Description and Brand Names
Drug information provided by: IBM Micromedex
Dasiglucagon injection is an emergency medicine used to treat severe hypoglycemia (low blood sugar) in diabetes patients treated with insulin who have passed out or cannot take some form of sugar by mouth.
This medicine is available only with your doctor's prescription.
This product is available in the following dosage forms:
In deciding to use a medicine, the risks of taking the medicine must be weighed against the good it will do. This is a decision you and your doctor will make. For this medicine, the following should be considered:
Tell your doctor if you have ever had any unusual or allergic reaction to this medicine or any other medicines. Also tell your health care professional if you have any other types of allergies, such as to foods, dyes, preservatives, or animals. For non-prescription products, read the label or package ingredients carefully.
Appropriate studies performed to date have not demonstrated pediatric-specific problems that would limit the usefulness of dasiglucagon injection to treat severe hypoglycemia in children 6 years of age and older. However, safety and efficacy have not been established in children younger than 6 years of age.
Appropriate studies on the relationship of age to the effects of dasiglucagon injection have not been performed in the geriatric population.
There are no adequate studies in women for determining infant risk when using this medication during breastfeeding. Weigh the potential benefits against the potential risks before taking this medication while breastfeeding.
Although certain medicines should not be used together at all, in other cases two different medicines may be used together even if an interaction might occur. In these cases, your doctor may want to change the dose, or other precautions may be necessary. Tell your healthcare professional if you are taking any other prescription or nonprescription (over-the-counter [OTC]) medicine.
Certain medicines should not be used at or around the time of eating food or eating certain types of food since interactions may occur. Using alcohol or tobacco with certain medicines may also cause interactions to occur. Discuss with your healthcare professional the use of your medicine with food, alcohol, or tobacco.
Other Medical Problems
The presence of other medical problems may affect the use of this medicine. Make sure you tell your doctor if you have any other medical problems, especially:
Adrenal insufficiency or
Hypoglycemia, chronic or
Prolonged fasting or starvation—Should be treated with glucose in patients with these conditions.
Insulinoma (pancreas tumor) or
Pheochromocytoma (adrenal gland tumor)—Should not be used in patients with these conditions.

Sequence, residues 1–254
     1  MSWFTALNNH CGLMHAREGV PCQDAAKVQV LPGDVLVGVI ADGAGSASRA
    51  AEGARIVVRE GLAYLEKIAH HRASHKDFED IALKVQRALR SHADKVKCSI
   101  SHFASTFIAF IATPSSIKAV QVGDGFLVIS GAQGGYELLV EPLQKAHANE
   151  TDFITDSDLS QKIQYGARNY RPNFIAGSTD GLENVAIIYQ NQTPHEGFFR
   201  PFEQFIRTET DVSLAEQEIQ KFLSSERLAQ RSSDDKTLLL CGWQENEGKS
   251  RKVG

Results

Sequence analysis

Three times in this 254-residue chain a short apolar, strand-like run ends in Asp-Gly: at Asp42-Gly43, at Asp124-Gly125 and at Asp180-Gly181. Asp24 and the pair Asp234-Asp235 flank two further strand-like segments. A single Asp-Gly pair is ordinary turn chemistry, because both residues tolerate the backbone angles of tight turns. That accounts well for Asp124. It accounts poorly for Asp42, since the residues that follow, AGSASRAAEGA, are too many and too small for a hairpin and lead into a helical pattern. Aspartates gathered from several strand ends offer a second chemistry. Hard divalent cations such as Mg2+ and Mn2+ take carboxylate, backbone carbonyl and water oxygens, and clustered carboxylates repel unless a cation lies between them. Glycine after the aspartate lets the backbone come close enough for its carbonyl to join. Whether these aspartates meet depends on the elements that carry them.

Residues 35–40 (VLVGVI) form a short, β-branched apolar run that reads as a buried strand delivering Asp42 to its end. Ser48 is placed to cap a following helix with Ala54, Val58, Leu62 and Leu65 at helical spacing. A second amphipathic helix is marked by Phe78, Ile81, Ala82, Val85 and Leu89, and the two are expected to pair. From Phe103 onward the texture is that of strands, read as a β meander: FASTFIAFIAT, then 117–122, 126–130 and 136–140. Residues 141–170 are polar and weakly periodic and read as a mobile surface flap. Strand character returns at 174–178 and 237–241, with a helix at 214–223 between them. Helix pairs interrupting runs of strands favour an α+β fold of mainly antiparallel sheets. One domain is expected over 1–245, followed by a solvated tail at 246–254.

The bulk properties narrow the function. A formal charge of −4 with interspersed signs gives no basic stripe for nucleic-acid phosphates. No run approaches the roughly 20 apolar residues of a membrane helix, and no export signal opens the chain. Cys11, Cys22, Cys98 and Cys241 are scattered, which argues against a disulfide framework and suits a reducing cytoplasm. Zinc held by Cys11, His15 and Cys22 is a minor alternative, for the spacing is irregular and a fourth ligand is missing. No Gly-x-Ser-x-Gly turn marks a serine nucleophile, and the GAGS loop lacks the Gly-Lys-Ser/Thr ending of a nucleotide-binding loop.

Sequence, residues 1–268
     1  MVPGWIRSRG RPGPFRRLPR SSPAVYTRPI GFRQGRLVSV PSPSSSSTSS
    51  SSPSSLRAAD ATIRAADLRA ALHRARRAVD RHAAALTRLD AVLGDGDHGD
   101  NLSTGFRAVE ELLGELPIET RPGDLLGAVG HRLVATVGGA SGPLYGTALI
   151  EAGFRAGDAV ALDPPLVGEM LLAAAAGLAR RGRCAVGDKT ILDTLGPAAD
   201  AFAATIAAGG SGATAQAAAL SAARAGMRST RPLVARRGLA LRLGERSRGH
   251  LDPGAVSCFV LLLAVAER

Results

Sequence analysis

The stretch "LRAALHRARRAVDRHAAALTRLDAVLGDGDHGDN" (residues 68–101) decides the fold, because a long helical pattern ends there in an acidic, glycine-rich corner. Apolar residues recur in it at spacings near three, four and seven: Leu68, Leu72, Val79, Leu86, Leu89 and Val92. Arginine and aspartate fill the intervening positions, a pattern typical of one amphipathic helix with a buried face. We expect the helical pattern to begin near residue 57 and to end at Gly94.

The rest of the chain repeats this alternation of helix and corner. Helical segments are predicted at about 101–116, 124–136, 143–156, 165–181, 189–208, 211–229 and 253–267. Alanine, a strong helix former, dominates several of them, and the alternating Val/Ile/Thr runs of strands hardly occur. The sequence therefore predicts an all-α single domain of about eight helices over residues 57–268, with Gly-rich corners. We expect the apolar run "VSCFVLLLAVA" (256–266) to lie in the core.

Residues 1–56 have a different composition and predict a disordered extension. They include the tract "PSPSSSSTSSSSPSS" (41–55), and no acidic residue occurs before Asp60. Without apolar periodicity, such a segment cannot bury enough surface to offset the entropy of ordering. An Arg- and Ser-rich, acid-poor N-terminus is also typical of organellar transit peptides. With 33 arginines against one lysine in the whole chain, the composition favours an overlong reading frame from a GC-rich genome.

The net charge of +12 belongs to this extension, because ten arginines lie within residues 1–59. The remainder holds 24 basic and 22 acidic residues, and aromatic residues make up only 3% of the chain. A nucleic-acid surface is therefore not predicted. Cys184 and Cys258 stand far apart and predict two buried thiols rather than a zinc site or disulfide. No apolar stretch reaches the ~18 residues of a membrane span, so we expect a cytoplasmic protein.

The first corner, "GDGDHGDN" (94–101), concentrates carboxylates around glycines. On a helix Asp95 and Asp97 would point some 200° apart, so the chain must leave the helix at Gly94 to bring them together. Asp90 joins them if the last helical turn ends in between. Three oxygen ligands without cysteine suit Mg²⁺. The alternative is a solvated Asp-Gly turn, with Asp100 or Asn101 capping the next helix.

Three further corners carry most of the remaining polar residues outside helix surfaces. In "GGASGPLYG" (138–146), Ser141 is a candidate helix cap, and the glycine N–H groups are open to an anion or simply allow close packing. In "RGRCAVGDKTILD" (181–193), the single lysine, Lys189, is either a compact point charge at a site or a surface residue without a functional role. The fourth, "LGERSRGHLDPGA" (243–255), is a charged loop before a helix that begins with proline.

Dasiglucagon injection is an emergency medicine and must be used only as directed by your doctor. Make sure that you and a member of your family or a friend understand exactly when and how to use this medicine before it is needed.
This medicine is given as a shot under the skin of your lower stomach, buttocks, thighs, or outer upper arms.
This medicine comes with patient instructions. Read and follow these instructions carefully. Ask your doctor or pharmacist if you have any questions.
Do not use this medicine if the liquid is discolored or has particles in it.
Call for emergency medical help right after giving or receiving this medicine.
Drink a fast-acting source of sugar (including fruit juice) and eat a long-acting source of sugar (including crackers with cheese or peanut butter) as soon as you are able to swallow.
The cap of the autoinjector and the needle cover of the prefilled syringe contains dry natural rubber (a derivative of latex), which may cause allergic reactions in people who are sensitive to latex.
The dose of this medicine will be different for different patients. Follow your doctor's orders or the directions on the label. The following information includes only the average doses of this medicine. If your dose is different, do not change it unless your doctor tells you to do so.
The amount of medicine that you take depends on the strength of the medicine. Also, the number of doses you take each day, the time allowed between doses, and the length of time you take the medicine depend on the medical problem for which you are using the medicine.
As an emergency treatment for severe hypoglycemia:
For injection dosage forms (autoinjector or prefilled syringe):
Adults and children 6 years of age and older—0.6 milligram (mg) injected under your skin. An additional dose of 0.6 mg may be repeated if there has been no response after 15 minutes while waiting for emergency assistance.
Children younger than 2 years of age—Use and dose must be determined by your doctor.
Keep out of the reach of children.
Do not keep outdated medicine or medicine no longer needed.
Ask your healthcare professional how you should dispose of any medicine you do not use.
Store in the refrigerator. Do not freeze.
This medicine can also be stored at room temperature for up to 12 months. Do not return it to the refrigerator after storing at room temperature. Throw away any unused medicine if it has been stored at room temperature for more than 12 months.
Patients with diabetes should be aware of the symptoms of hypoglycemia (low blood sugar). These symptoms may develop in a very short time and may result from:
using too much insulin (“insulin reaction”) or as a side effect from oral antidiabetic medicines
delaying or missing a scheduled snack or meal
sickness (especially with vomiting or diarrhea)
exercising more than usual.